Anthony Gavard (left) with Chinese actors (COURTESY PHOTO)
This summer I had the pleasure of visiting the city of Quzhou in east China's Zhejiang Province to watch my Chinese boyfriend act in Gu Cheng Qiu Yuan, or Les As de la Pétanque. Zhejiang is well-known for Chinese filmmaking and home to Hengdian, China's Hollywood.
The movie is about a French sports teacher named Anthony who comes to a local Quzhou school as part of an exchange program. During his stint at the school, he befriends the local Chinese staff, among them a Chinese sports teacher named Jackie, played by my boyfriend. Anthony introduces the French sport of pétanque to Jackie and the whole school and gets his Chinese hosts excited about the sport, which involves throwing metal balls toward a target ball on a court.
The film is a comedy about East-meets-West and intercultural friendships that are fostered through sport. Despite initial slip-ups and cross-cultural misunderstandings, Anthony eventually forges close ties to the local Chinese community.
Filming locations included the Quzhou No. 2 High School, the Quzhou Confucius Temple, where Anthony's new Chinese friends introduce him to local culture and a local restaurant, where he struggles with chopsticks and Chinese toasting habits and has a hard time trying a Quzhou specialty, duck's head. The movie also contains references to popular French actors and the French people's proverbial love of romance.
The film was written and directed by Frenchman Anthony Gavard, who played the main role, the eponymous sports teacher. His Chinese wife in real life, Fu Hong, also played a key part in making the film, which could be called the cross-cultural couple's "Chinese dream." The couple has two young children, Oscar, who held the clapperboard in between scenes, and Melody, who charmed everyone on set and boosted morale with her cuteness.
The film employed some local talent too. Fu, who is from Quzhou, doubled as an actress and played Lily, a teacher enamored with all things French who becomes Jackie's love interest. She and Jackie make Anthony feel at home in China and familiar with Chinese culture. A teacher at the high school acted as the father of one of the students, who is displeased that his daughter is more interested in pétanque than her math studies and argues with her on the sports field. Some of the high schoolers were also cast in the movie wearing their school uniform.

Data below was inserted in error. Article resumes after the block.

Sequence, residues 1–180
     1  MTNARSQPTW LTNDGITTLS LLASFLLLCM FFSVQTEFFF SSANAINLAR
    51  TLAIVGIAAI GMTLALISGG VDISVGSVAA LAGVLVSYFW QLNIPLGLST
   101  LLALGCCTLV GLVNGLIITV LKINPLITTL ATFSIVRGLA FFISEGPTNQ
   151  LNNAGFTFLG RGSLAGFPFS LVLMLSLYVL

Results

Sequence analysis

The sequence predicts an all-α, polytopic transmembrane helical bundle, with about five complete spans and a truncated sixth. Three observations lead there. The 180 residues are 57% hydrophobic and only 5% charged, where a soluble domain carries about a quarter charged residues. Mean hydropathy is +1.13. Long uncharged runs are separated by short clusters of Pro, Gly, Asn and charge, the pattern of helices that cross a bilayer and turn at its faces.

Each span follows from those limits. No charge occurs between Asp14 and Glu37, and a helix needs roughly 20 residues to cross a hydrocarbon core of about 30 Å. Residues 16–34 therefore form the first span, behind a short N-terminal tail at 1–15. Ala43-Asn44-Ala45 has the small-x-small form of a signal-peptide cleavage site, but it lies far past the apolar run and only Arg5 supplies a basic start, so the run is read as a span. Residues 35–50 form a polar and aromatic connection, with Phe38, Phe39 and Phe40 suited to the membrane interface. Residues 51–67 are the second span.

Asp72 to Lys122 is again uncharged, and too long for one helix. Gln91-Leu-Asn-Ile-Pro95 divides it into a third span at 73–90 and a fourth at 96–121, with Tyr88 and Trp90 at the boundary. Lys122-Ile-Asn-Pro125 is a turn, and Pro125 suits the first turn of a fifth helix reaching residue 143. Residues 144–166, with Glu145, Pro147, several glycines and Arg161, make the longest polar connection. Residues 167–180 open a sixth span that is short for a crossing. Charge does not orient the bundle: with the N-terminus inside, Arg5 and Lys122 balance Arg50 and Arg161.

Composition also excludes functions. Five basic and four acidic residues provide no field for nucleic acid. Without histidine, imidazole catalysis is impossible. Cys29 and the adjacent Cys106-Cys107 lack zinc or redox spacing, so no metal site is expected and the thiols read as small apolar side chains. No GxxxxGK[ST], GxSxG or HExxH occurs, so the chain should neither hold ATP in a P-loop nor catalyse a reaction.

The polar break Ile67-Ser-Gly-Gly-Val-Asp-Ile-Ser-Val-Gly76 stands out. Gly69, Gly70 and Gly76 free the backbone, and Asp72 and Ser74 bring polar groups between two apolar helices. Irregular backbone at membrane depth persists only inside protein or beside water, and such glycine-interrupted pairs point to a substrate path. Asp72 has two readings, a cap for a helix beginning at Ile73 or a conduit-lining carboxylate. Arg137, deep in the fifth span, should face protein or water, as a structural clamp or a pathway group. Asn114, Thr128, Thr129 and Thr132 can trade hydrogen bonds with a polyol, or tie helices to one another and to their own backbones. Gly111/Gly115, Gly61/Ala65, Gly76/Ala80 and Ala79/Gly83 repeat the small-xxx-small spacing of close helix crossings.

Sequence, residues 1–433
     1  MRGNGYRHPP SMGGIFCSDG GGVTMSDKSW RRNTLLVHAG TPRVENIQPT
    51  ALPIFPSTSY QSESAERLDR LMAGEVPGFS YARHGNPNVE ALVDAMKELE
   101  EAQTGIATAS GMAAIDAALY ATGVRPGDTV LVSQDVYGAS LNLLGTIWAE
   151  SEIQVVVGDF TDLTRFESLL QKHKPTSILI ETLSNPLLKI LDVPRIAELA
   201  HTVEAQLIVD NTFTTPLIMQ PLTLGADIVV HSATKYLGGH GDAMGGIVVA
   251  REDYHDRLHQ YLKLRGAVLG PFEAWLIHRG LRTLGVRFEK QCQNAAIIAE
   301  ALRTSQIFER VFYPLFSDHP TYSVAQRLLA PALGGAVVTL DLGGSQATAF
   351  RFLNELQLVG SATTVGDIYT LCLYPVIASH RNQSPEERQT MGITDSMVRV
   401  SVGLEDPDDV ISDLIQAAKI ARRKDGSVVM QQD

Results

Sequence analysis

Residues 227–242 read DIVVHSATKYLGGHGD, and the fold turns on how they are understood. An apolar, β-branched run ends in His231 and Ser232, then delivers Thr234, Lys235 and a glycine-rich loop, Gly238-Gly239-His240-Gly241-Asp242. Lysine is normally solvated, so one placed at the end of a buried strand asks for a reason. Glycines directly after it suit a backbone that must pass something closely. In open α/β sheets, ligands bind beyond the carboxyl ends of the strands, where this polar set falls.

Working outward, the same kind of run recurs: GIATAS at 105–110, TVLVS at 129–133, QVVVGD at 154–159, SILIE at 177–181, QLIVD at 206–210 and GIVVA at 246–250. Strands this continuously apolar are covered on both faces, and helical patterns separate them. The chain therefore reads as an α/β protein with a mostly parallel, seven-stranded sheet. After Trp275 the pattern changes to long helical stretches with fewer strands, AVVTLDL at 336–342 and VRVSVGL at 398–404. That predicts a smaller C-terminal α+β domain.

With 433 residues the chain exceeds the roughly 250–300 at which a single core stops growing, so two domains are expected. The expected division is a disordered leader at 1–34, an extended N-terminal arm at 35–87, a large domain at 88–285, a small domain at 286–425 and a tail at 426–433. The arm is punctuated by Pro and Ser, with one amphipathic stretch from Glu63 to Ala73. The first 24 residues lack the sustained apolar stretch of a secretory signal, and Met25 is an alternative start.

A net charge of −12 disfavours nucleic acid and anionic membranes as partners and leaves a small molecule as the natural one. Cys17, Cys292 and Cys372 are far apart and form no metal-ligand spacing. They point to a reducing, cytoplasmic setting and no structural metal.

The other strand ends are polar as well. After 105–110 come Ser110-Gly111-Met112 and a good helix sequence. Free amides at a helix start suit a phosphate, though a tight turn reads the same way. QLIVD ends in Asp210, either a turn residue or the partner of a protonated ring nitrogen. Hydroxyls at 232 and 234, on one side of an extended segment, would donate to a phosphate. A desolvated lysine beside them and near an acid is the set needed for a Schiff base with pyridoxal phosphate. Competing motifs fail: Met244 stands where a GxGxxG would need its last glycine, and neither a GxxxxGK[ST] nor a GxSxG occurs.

I was surprised at how well they performed, considering they were first-time actors! In addition, a prolific local actress named Han Yueqiao played a student's wheelchair-bound grandmother, and I was surprised to discover that she has played both Soong Ching Ling and Soong Mei Ling (the sisters, respectively married to Sun Yat-sen and Chiang Kai-shek) in previous Chinese TV series, among many other roles.
A Frenchman named Benoit was flown in from France to do the camera work. Benoit used to be a Broadway ballet dancer in his younger days. He had a relaxed style and worked barefoot despite rain puddles and caterpillars underfoot, obviously enjoying his Chinese surroundings. Gavard gave some instructions in French, which made me feel I was at a cultural crossroads with Chinese, French and English on the set. As an American, I sat back and enjoyed the interplay between different cultures.
I admired the on-camera chemistry between Gavard and the Chinese actors, with this creative project bringing the two cultures closer together during the course of several weeks. Gavard reminded me of a blend between the French actor Gerard Depardieu's personality and the Italian actor Roberto Benigni's presence transported to China; but of course, he had a camera presence that was all his own.
When I visited the set for several days, they were mainly filming at the school. It was my first time visiting a Chinese dormitory (the school accepts boarders), complete with four wooden bunk beds and numbered stools in each room. I also ate meals in the school canteen and was intrigued by the metal trays, which reminded me of my student days back in the West. Finally, I enjoyed talking to the students, whose English was exceptional, considering their limited interactions with foreigners.
I enjoyed the Quzhou No. 2 High School's beautiful grounds, lush vegetation and Chinese pond herons flapping through the trees. An English teacher at the school named Philip told me, "You can feel the harmony between humans and nature here," The same could largely be said about the different cultures interacting on set.
The author is an American living in Beijing
Copyedited by Laurence Coulton
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